August 27, 2010

the lottery

the value, in my opinion, of a documentary is that oftentimes when the credits begin to roll you can't stop your brain fast enough to even read words on the screen. at least this has been my most typical experience. last night i went to a local screening of the film the lottery. this film highlights a heated national debate over charter schools. i have my opinions on the matter, but i know enough to know my opinions are not infallible {nor do i think charter schools are infallible}. i simply encourage regardless of feelings or personal agenda that every person becomes more educated on the brutal social sorting of public education, perhaps starting with watching this film. good schooling should be more than just a matter of chance. 
it isn't a secret that i am passionate about education reform. i don't go to class on a friday night for nothing, you know? fortunately for me i had countless people throughout my lifetime work tirelessly to ensure i had the best education possible. however, i am aware that not everyone has people that go to battle for them on this end. i am also aware of the phrase "life is not fair." but i don't believe that should apply to education. education should be fair. it seems negligent for me to not fight for the rights of every child to receive a free and quality education, because in the same breath i believe that education is the key to systemic change on most every level. while i don't work to push one political agenda, i will push for education reform. i don't have the keys to this reformation, but i know of some people that seem to be pretty close {the controversial moskowitz being one of them}.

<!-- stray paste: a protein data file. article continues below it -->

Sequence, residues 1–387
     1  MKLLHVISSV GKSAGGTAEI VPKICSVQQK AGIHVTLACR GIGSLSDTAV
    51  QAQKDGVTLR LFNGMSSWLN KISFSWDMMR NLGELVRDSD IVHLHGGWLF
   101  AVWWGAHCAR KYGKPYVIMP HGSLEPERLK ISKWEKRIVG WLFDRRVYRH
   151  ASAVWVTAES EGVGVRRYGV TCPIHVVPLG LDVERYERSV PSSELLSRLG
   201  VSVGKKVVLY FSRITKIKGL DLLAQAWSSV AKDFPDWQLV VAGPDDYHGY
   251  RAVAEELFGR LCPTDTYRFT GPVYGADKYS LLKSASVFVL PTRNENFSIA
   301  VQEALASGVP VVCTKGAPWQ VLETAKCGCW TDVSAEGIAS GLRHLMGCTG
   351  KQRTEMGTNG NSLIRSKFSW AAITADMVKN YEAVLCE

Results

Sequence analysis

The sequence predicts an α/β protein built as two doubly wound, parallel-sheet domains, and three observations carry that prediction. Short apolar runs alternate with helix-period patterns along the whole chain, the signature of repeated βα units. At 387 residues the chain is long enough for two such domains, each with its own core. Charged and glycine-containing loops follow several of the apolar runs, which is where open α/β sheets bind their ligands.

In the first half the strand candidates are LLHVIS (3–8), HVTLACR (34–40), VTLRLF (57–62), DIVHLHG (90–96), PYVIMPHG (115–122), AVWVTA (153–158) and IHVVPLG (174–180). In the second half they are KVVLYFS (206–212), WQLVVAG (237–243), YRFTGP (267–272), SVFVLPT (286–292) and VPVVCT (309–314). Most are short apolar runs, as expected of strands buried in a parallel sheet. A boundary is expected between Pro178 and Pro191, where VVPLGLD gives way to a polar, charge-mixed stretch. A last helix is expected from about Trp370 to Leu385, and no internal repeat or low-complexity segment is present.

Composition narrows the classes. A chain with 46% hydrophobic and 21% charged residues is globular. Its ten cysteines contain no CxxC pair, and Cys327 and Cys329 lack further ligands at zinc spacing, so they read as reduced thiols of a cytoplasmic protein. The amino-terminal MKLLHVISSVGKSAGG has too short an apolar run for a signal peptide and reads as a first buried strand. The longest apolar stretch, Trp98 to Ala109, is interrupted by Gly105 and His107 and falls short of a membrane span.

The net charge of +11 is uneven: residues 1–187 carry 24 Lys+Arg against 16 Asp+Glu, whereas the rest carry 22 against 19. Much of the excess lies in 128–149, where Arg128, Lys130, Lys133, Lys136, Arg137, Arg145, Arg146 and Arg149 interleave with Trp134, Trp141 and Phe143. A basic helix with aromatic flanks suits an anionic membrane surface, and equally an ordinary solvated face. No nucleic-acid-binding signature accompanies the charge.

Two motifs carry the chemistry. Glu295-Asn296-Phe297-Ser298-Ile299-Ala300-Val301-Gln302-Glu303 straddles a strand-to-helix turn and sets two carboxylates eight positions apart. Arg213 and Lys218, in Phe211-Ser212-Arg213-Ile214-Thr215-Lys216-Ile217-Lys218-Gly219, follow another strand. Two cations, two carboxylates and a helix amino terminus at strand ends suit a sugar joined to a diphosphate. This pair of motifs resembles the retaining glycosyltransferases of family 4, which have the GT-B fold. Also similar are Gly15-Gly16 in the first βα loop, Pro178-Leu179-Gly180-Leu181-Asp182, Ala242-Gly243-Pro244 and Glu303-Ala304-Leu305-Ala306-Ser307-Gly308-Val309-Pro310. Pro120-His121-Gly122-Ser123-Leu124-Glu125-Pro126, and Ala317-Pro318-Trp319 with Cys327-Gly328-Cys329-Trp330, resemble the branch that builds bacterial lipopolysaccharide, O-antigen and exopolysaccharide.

what a teacher pose this is! crouching down, naturally.
here are a few facts about american education: 

  1. the average black or latino 12th grader reads at the same level as the average white 8th grader.
  2. 50% of children in low-income families will not graduate from high school by the time they are 18. 
  3. 58% of black 4th graders are functionally illiterate.
  4. the achievement gap between low-income students the their high-income peers costs the United States $500 billion/year.
  5. only 10% of Americans living under the poverty line ever make it to college.
make this a daily read for updates on education in america: http://www.nytimes.com/pages/education/
where there is love {and a fight of equal opportunity}, 
there is art.

1 comment:

  1. You are going to be an awesome teacher!!!!

    ReplyDelete